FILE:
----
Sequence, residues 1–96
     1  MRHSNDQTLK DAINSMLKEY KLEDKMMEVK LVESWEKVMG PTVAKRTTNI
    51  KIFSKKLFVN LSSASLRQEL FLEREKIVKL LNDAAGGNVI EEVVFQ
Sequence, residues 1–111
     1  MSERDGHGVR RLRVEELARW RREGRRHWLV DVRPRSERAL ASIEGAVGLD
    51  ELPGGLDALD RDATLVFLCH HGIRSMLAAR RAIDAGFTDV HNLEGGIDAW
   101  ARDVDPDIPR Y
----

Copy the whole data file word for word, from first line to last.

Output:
Sequence, residues 1–96
     1  MRHSNDQTLK DAINSMLKEY KLEDKMMEVK LVESWEKVMG PTVAKRTTNI
    51  KIFSKKLFVN LSSASLRQEL FLEREKIVKL LNDAAGGNVI EEVVFQ
Sequence, residues 1–111
     1  MSERDGHGVR RLRVEELARW RREGRRHWLV DVRPRSERAL ASIEGAVGLD
    51  ELPGGLDALD RDATLVFLCH HGIRSMLAAR RAIDAGFTDV HNLEGGIDAW
   101  ARDVDPDIPR Y